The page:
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David Vernier
ClassicsToday.com, December 2006

I admit it was the cover that got my attention--first, the title, referring to an 1120-page manuscript collection containing the only existing original copies of pre-Reformation liturgical music from Nuremburg; second, the illustration, an illumination from the collection that depicts a wolf directing a choir of geese singing from a large music book, a hungry-looking fox sitting on hind-quarters just behind the choir. Upon listening to the music, I was reassured that there was more to appreciate here than the intriguing, colorful illustration and charming title. The focus of the singing is late-medieval chants from various Masses particular to the church of St. Lorenz in Nuremburg. The disc's producers wisely interspersed the chant selections with short organ pieces from 15th- and 16th-century German composers. The combination works well, retaining the appropriate celebratory mood and church ambience while offering the ear welcome variety of sounds and textures. (The notes also mention that organ music was part of the St. Lorenz liturgy, thus its inclusion here, performed on the St. Lorenz organ by the church's music director Matthias Ank.) Some of the chants offered are world-premieres--particularly interesting are those from Nuremburg's "most important feast day", the Feast of the Holy Lance and Nails. The celebration involved significant pomp and circumstance where imperial relics were displayed in the market square. Another appealing feature of this program is the alternating use of different voices--men, children, and women sing together and separately, the range of colors and relative "weight" of the voices giving a distinctive character to various parts of the Mass. All of the singers are first rate, but special mention goes to the children's lovely tone and impeccable phrasing and diction. The liner notes are informative and pertinent; the sound conveys the natural resonant space of the church while clearly, cleanly capturing the voices. If you enjoy chant--and beautiful illuminated manuscripts--you'll find this 71 minutes well worth your while.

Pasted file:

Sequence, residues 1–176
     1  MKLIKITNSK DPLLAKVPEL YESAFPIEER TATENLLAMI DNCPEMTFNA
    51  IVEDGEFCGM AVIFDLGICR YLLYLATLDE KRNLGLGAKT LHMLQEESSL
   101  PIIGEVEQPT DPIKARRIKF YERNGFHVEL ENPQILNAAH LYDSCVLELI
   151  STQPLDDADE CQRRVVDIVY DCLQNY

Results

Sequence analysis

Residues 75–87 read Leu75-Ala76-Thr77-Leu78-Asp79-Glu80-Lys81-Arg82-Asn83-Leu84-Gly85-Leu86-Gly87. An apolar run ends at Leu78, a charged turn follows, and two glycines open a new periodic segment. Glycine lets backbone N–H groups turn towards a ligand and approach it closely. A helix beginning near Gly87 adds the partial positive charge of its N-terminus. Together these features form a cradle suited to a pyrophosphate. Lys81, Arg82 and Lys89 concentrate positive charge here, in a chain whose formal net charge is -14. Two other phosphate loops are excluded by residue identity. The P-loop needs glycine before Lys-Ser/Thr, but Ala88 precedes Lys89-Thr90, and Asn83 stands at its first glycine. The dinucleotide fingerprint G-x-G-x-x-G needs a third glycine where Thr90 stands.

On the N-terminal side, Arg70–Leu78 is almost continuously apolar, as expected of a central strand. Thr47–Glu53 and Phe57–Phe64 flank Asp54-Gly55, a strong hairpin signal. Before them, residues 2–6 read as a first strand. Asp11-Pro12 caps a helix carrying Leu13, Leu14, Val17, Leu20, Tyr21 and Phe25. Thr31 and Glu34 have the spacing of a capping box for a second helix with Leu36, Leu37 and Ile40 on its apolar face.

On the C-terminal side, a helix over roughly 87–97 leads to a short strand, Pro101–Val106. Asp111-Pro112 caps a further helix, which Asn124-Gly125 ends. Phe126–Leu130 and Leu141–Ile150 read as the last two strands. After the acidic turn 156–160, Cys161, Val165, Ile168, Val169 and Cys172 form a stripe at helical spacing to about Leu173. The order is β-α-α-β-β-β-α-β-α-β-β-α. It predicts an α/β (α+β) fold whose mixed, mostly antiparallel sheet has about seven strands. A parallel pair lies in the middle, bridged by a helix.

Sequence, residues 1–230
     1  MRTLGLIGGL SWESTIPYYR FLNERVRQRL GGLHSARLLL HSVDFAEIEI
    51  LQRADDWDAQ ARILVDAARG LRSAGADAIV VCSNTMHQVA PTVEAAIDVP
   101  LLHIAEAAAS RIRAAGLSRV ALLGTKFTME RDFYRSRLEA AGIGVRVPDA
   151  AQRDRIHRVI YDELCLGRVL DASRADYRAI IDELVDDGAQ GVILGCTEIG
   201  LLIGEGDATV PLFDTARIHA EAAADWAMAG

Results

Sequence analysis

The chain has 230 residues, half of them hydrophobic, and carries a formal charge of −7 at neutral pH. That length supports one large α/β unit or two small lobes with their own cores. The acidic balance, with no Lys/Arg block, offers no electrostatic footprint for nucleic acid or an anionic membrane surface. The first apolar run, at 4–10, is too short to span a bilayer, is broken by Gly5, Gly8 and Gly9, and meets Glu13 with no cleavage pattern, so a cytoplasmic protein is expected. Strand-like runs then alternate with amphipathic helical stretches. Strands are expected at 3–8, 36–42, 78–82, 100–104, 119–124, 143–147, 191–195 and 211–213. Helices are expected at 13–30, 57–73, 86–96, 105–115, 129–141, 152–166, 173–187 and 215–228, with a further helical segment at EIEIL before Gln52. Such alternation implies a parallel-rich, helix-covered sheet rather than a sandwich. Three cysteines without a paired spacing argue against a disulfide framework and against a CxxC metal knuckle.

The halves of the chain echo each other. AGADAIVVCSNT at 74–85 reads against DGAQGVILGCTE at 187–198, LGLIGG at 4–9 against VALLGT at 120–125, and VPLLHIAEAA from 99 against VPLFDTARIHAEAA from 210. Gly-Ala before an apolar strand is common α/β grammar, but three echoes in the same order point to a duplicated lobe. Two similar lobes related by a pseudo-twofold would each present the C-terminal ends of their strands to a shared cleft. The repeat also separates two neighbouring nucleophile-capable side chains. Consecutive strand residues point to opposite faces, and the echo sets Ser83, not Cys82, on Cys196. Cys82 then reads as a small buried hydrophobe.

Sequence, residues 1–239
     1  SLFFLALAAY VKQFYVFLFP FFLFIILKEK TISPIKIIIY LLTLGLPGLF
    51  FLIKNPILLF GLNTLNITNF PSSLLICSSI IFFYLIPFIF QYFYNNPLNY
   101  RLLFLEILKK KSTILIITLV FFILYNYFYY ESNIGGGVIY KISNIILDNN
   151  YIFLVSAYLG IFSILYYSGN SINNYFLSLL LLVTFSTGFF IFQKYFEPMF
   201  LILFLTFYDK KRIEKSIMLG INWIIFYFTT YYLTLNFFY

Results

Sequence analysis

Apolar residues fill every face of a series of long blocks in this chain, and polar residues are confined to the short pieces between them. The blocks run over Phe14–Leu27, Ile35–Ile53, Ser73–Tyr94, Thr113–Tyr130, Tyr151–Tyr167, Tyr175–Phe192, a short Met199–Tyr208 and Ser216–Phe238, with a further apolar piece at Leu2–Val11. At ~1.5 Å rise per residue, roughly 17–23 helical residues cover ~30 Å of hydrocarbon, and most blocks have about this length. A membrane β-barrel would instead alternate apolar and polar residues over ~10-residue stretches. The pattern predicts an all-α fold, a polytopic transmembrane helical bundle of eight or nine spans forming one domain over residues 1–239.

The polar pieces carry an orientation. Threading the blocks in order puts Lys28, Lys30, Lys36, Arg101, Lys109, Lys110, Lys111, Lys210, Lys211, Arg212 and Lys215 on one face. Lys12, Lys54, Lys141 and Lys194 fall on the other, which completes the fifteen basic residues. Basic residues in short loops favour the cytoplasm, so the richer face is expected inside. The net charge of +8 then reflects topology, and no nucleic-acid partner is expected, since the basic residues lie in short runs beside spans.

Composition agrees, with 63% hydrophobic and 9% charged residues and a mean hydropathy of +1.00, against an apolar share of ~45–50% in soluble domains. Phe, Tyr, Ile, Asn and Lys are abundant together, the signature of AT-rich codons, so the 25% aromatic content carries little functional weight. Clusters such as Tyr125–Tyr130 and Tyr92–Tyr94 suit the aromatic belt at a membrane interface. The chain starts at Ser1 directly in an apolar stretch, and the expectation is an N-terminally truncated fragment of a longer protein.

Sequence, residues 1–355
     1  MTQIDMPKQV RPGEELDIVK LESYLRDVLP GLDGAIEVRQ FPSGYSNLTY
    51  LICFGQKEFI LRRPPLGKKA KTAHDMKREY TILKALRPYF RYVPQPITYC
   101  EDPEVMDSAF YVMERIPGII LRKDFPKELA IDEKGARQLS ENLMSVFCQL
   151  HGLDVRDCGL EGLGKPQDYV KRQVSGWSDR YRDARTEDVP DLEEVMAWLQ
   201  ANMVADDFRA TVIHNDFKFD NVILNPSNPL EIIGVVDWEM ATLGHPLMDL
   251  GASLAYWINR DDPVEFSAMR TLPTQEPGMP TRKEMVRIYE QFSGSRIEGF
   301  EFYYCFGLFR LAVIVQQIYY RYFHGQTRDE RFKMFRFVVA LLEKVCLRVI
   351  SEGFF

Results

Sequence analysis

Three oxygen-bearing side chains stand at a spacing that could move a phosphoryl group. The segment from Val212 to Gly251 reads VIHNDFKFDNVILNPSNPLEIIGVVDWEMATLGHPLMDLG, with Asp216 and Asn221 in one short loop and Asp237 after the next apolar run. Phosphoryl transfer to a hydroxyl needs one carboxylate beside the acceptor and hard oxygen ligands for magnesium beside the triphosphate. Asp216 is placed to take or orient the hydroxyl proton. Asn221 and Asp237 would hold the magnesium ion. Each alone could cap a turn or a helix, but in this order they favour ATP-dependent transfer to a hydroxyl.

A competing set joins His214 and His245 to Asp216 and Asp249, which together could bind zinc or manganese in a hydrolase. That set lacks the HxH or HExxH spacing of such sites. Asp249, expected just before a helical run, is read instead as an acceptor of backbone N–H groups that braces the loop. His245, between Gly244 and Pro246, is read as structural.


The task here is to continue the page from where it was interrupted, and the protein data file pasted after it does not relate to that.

Fanfare, November 2005

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